How would you resolve a dispute inside your business when the person you are having angry words with is your own brother, who also happens to be the CFO and a large shareholder? Or how about this situation: as a key member of your family-owned company’s leadership team, rather than playing the doting child, you need to tell your own father or mother that it may be time to step back from the very business that he or she founded and then steered successfully for decades. Or maybe you think that what your company really needs now is the introduction, for the first time, of an outsider professional onto the board who is not a member of your family.
Such scenarios are all too familiar in many countries around the world, including the transition economy of Albania where family-owned firms are increasing in number and preparing for the handover to the next generation. When family and business relationships are intertwined, typical governance-related issues, such as resolving disputes or identifying appropriate leadership transitions, take on added layers of complexity and delicacy. If they are not handled properly, they can pose a real threat to the very survival of individual business.
IFC’s Corporate Governance Program in Europe and Central Asia has been focusing on helping family-owned businesses—as well as other types of companies—address their governance challenges. When implemented sincerely and effectively, sound corporate governance enhances competitiveness, efficiency, and profitability, and enables companies to expand sustainably while also attracting much-needed investment.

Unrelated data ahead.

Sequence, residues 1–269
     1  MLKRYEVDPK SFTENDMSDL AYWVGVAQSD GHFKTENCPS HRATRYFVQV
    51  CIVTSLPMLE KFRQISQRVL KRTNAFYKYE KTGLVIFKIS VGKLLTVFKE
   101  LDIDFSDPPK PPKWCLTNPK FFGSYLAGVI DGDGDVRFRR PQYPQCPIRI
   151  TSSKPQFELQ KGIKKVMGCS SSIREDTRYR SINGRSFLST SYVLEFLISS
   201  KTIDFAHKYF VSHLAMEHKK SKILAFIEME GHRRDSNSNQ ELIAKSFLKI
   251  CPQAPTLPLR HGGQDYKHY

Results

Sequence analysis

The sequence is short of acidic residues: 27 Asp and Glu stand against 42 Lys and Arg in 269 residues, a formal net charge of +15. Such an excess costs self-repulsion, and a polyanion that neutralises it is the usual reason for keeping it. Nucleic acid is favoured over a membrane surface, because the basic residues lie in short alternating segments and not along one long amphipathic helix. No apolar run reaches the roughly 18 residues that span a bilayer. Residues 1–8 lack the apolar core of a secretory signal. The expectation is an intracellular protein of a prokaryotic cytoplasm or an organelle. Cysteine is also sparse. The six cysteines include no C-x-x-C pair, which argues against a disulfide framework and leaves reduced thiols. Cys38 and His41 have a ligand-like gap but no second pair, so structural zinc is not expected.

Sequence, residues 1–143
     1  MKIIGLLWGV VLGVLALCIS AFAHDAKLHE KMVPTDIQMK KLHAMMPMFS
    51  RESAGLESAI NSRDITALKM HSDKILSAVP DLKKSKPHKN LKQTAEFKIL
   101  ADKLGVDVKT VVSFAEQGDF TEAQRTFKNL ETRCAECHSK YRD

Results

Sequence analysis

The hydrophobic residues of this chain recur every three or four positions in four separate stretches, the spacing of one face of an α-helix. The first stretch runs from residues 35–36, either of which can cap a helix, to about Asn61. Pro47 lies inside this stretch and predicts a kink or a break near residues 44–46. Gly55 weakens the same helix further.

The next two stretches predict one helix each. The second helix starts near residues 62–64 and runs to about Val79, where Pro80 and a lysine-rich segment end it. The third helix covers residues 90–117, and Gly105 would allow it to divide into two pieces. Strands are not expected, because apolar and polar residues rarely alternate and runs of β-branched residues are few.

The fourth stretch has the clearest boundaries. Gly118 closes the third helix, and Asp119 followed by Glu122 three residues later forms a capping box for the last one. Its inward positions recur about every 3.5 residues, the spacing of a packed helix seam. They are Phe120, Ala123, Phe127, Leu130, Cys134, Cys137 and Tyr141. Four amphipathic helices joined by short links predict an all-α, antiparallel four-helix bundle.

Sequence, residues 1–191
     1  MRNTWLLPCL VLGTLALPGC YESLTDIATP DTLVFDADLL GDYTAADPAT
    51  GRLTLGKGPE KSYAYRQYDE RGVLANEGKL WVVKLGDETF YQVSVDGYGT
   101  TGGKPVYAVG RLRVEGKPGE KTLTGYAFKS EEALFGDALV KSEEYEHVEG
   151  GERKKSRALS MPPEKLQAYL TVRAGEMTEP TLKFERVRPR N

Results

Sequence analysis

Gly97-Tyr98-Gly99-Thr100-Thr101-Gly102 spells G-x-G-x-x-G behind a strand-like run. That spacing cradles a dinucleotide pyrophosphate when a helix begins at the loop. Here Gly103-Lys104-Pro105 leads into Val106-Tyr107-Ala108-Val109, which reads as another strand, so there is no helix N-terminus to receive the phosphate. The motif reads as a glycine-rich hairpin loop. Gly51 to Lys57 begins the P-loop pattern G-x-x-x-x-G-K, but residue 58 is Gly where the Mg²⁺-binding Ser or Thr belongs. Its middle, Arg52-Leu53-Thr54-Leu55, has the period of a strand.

A key component of IFC’s effort involves boosting the capacity of its local partners around the region to provide advice on good corporate governance and thereby help to spur private sector growth.
From 1-4 December 2014, a four-day training-of-trainers workshop in Tbilisi, Georgia, IFC, along with co-sponsors Eristavi & Partners, the Georgian Institute of Directors, the Georgian Banking Training Centre, and PMO Business Consulting, brought together more than 25 representatives of consulting and training partner institutions from 10 countries around the region, including Albania represented by Corporate Governance Institute Albania CGIA. Participants shared knowledge on best practices and how to enhance their corporate governance knowledge base, focusing on how to help their clients improve the structures and processes by which companies are directed and controlled.
Sessions were geared toward assisting clients to develop their governance strategy, build effective boards, improve their transparency and disclosure practices, and address family governance issues. Discussions also revolved around new services such as board evaluation and certification. Tightly focused, interactive presentations were intended to reinforce learning already acquired and to enable additional knowledge sharing –and networking—among participants.
At one of the sessions, an IFC corporate governance expert presented examples of family businesses in a range of challenging situations. Drawing on real-life experiences of family businesses , the presenter engaged with the participants, discussing the situation in detail and debating various approaches that would either resolve the problem—or make it worse.
“We were really impressed by the quality and active nature of discussion at the Tbilisi workshop,” commented Oliver Orton, Program Manager of the Europe and Central Asia Corporate Governance Program. “Perhaps most satisfying was to see the significant progress made by our partners and the continued regional knowledge-sharing network that will be beneficial to everyone as they build their corporate governance offerings in their own markets.”